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Joint Statement: The Fourth Meeting of the U.S.-Japan Comprehensive Dialogue on Space
by Staff Writers
Washington DC (SPX) May 19, 2017

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Pursuant to their shared goal of continuing to advance bilateral space cooperation and further strengthen the U.S.-Japan alliance as declared by their leaders, the Government of the United States of America and the Government of Japan held their Fourth Meeting of the Comprehensive Dialogue on Space in Washington, DC, on May 16, 2017.

This Dialogue represents the strong and shared commitment of two of the world's most advanced spacefaring nations to enhance further bilateral space cooperation and to cooperate closely with the international community toward ensuring the continuous, safe, and stable use of outer space for current and future generations. The 11th U.S.-Japan GPS Cooperation Plenary Meeting and the 7th U.S.-Japan Civil Space Dialogue were also held prior to the Comprehensive Dialogue, to which the results of these two prior meetings were also reported.

This meeting was co-chaired by representatives from the Executive Office of the President's National Security Council and Office of Science and Technology Policy for the United States, and by representatives from the Ministry of Foreign Affairs, and the National Space Policy Secretariat, Cabinet Office for Japan. Principal participants included the Departments of State, Defense, Commerce, Interior, and Transportation; the National Geospatial Intelligence Agency; and the National Aeronautics and Space Administration (NASA) from the U.S. side, and the Ministry of Foreign Affairs; National Space Policy Secretariat; National Security Secretariat; Cabinet Satellite Intelligence Center; National Ocean Policy Secretariat; Ministry of Education, Culture, Sports, Science, and Technology; Ministry of Economy, Trade, and Industry; Ministry of the Environment; Ministry of Defense; Japan Aerospace Exploration Agency (JAXA); National Institute of Information and Communications Technology (NICT); and National Institute for Environmental Studies (NIES) from the Japanese side.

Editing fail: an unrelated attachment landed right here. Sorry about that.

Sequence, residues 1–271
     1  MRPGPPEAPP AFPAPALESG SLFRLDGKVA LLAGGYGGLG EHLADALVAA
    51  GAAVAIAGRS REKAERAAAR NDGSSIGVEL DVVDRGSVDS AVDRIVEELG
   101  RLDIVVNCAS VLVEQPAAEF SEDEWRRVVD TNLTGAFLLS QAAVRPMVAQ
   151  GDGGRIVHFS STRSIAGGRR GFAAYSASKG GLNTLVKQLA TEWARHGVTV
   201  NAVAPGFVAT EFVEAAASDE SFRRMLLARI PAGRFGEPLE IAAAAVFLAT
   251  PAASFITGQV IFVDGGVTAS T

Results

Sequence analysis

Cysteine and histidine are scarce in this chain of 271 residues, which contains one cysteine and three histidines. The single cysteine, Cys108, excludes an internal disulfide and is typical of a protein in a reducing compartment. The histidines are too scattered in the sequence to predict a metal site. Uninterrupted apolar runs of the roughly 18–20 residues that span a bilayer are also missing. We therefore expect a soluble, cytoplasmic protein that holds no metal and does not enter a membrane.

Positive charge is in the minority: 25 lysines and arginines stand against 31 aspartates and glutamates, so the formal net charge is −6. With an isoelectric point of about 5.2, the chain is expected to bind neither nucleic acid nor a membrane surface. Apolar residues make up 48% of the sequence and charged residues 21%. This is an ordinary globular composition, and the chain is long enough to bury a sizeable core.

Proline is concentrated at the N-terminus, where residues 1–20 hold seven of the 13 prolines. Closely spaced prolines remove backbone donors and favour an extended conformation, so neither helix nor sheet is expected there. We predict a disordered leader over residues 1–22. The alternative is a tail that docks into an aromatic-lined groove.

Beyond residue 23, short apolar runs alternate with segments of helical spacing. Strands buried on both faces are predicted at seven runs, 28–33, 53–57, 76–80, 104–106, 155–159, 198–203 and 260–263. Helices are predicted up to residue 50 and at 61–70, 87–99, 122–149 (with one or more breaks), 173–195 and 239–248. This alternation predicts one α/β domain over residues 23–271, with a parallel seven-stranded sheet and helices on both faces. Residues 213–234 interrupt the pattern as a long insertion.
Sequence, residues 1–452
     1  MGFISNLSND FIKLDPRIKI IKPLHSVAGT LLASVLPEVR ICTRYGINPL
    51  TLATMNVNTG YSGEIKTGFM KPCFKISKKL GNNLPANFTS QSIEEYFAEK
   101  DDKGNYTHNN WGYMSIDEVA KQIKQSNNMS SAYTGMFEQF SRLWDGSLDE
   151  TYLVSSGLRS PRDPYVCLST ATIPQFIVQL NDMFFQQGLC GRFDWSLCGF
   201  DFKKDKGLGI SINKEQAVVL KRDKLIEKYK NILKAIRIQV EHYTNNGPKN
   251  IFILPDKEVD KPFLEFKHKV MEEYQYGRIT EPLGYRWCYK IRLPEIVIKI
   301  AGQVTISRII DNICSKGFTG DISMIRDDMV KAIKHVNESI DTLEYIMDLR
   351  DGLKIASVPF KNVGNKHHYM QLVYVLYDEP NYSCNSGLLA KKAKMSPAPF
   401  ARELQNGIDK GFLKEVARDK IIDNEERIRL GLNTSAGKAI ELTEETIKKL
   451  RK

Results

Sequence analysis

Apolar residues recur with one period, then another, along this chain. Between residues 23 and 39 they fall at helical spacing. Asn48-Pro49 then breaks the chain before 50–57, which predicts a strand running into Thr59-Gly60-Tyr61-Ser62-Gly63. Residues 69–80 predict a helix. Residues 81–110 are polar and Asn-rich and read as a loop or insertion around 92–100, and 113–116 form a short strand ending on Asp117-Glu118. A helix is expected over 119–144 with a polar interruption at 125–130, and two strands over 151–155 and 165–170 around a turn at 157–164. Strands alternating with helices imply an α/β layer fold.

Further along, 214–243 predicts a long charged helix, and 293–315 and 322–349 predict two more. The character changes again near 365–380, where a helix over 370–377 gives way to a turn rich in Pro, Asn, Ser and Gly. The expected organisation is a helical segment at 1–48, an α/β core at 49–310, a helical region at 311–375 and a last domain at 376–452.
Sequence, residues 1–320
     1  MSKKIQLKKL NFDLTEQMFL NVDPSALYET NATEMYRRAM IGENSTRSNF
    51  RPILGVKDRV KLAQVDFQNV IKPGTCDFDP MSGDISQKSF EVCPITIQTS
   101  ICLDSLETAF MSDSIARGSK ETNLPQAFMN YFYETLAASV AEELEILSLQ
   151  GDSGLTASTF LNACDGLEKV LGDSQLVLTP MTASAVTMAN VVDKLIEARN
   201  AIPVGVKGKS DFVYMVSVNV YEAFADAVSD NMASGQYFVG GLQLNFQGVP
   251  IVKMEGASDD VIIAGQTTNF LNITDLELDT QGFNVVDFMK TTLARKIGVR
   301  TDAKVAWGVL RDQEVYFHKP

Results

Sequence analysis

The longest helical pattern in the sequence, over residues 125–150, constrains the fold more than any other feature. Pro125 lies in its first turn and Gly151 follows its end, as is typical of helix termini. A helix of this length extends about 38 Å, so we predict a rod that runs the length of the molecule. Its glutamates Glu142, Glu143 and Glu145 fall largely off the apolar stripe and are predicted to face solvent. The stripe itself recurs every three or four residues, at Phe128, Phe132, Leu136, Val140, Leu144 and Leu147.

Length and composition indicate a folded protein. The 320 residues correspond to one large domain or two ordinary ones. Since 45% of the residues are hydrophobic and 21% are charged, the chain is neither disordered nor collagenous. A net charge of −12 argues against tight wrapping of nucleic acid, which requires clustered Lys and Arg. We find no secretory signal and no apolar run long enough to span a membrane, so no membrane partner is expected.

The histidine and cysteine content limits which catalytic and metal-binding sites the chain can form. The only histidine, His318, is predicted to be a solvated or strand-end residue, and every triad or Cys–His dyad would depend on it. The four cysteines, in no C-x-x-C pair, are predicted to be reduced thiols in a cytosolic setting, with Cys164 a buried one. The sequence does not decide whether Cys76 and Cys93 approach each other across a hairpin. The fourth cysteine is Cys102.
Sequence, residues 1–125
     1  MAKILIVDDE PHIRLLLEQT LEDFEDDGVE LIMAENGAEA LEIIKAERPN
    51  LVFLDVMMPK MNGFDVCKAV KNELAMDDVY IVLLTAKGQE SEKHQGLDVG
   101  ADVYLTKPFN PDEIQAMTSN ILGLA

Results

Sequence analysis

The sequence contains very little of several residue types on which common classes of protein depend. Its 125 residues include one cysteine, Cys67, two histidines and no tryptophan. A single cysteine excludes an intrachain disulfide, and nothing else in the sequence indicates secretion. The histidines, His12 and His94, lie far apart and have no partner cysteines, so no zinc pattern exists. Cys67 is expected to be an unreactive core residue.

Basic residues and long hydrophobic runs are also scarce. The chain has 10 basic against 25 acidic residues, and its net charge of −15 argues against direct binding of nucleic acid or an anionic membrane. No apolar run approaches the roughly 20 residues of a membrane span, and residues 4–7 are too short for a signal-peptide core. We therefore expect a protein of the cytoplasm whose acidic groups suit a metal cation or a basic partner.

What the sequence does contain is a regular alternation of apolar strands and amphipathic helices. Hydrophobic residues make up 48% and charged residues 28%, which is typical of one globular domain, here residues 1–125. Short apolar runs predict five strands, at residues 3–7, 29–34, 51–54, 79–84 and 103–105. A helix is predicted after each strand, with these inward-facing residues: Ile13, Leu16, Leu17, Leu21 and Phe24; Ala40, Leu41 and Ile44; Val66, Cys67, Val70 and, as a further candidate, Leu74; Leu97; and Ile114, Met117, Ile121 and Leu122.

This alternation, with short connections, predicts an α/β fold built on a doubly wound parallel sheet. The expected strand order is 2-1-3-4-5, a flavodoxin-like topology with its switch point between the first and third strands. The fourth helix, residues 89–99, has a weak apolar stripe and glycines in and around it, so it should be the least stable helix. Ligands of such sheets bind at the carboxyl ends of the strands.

This Fourth Comprehensive Dialogue on Space continues the work to enhance and strengthen cooperation between the two countries from a broad, inclusive, and strategic perspective. With the participation of experts from across the two governments, the Dialogue series emphasizes a whole-of-government approach to civil, commercial, and national security space interests and cooperation.

At the Fourth Dialogue, both sides provided updates on respective space policies, including recent development of Japanese legal systems such as regulations for remote sensing data treatment and satellite-launching system as well as on U.S. export controls that impact space technology and space systems.

Recognizing that their leaders affirmed their strong determination to further "expand bilateral security cooperation in the fields of space and cyberspace" in their Joint Statement in February 2017, both sides discussed space security cooperation, and shared the view that it is critically important to enhance the space domain mission assurance, including resiliency of their space systems through current and future cooperative projects.